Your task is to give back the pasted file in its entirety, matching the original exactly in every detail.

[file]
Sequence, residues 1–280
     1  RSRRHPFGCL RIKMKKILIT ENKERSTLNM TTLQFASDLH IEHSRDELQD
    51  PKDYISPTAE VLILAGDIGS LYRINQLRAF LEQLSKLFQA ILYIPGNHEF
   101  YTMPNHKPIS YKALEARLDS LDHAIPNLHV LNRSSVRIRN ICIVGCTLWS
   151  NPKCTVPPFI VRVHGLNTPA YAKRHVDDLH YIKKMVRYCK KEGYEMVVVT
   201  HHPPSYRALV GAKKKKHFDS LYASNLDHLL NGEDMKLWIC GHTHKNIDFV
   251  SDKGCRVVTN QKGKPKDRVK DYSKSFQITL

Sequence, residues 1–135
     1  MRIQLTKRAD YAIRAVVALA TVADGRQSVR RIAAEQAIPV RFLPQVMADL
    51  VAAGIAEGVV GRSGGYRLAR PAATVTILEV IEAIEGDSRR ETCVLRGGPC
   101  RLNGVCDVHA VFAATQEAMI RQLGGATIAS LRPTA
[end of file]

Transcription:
Sequence, residues 1–280
     1  RSRRHPFGCL RIKMKKILIT ENKERSTLNM TTLQFASDLH IEHSRDELQD
    51  PKDYISPTAE VLILAGDIGS LYRINQLRAF LEQLSKLFQA ILYIPGNHEF
   101  YTMPNHKPIS YKALEARLDS LDHAIPNLHV LNRSSVRIRN ICIVGCTLWS
   151  NPKCTVPPFI VRVHGLNTPA YAKRHVDDLH YIKKMVRYCK KEGYEMVVVT
   201  HHPPSYRALV GAKKKKHFDS LYASNLDHLL NGEDMKLWIC GHTHKNIDFV
   251  SDKGCRVVTN QKGKPKDRVK DYSKSFQITL

Sequence, residues 1–135
     1  MRIQLTKRAD YAIRAVVALA TVADGRQSVR RIAAEQAIPV RFLPQVMADL
    51  VAAGIAEGVV GRSGGYRLAR PAATVTILEV IEAIEGDSRR ETCVLRGGPC
   101  RLNGVCDVHA VFAATQEAMI RQLGGATIAS LRPTA